What is 'sandbagging'?
'Sandbagging', in the context of Irish law share purchase agreements, refers to a scenario in which the buyer has knowledge of a given potential liability, but has the ability, in spite of that knowledge, to bring a claim against the seller for breach of that warranty following completion.
If a buyer of shares in a company knows about a given issue or liability related to the company when the deal completes, it is currently unclear whether the buyer can legitimately bring a claim for breach of warranty following completion. This uncertainty remains whether or not the SPA includes provisions specifically setting out whether the buyer can successfully claim against the seller in the event that the buyer had knowledge of the relevant issue. These provisions are typically, in the US, known as “sandbagging” or “anti-sandbagging” provisions:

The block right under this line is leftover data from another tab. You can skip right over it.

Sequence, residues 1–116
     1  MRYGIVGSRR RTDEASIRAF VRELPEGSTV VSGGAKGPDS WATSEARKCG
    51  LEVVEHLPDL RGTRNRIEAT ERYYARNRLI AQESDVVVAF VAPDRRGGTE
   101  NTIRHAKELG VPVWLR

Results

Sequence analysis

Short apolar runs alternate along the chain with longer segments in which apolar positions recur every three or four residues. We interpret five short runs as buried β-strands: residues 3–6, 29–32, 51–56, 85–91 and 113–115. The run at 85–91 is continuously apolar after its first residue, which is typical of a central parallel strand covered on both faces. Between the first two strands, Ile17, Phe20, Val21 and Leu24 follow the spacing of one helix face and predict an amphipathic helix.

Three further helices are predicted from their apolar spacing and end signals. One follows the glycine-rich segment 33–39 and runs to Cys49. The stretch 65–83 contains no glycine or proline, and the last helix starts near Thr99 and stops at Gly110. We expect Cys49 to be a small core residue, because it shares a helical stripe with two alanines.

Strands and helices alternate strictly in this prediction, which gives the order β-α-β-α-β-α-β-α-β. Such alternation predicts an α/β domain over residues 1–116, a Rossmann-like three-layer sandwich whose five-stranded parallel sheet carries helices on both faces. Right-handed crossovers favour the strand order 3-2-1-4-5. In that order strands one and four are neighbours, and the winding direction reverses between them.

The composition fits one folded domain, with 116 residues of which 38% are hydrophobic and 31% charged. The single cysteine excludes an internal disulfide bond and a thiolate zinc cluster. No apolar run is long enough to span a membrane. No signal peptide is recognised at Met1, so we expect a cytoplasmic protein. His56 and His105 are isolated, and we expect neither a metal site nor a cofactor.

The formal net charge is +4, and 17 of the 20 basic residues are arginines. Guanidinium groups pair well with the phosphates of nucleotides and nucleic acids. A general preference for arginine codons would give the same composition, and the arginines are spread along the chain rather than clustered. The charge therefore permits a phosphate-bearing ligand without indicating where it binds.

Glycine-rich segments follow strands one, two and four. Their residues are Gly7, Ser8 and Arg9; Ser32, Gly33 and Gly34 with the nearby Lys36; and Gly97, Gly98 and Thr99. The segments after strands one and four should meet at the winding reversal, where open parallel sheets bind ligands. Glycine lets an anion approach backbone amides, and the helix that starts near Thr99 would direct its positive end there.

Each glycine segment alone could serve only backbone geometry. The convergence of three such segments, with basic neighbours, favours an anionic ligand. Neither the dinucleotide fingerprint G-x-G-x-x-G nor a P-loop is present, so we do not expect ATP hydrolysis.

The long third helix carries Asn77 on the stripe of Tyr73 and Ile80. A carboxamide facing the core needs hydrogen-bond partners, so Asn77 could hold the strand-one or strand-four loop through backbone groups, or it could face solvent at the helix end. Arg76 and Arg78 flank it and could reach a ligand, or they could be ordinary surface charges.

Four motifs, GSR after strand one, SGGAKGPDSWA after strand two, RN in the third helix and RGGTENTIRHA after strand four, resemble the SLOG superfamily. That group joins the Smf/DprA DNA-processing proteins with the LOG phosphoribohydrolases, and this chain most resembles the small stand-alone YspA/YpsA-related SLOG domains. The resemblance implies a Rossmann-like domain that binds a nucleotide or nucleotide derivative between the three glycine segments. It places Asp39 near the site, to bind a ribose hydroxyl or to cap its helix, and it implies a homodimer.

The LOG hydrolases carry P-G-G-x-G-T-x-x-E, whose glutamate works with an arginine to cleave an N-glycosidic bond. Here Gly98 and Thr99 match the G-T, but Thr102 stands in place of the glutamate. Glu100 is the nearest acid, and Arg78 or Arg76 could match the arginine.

A “sandbagging” clause seeks to permit a buyer to bring a claim against a seller for breach of warranty under an SPA, even if the buyer had knowledge of the breach prior to closing.
An “anti-sandbagging” clause seeks to ensure that the buyer cannot bring a claim against a seller for breach of warranty under an SPA, if the buyer knew about the relevant issue before the deal completed.
These clauses are sometimes found in Irish law SPAs. A compromise position often reached is that the SPA remains silent as to whether the buyer can successfully claim under the warranties if it was aware of the relevant issue at completion (ie no sandbagging or anti-sandbagging clause is included).
The issue has not been tried and tested in Irish courts and therefore, in the event of a dispute on this topic, the Irish courts would look to English and US decisions as persuasive authority on this subject. Here we review some of those decisions, given their relevance to Irish deals.
The English case of Eurocopy plc v Teesdale has traditionally been regarded as a significant warning to buyers of shares that if they had knowledge of a given issue at completion, it is likely to be very challenging to successfully bring a warranty claim about that issue after completion, no matter what provisions are included in the SPA on the subject.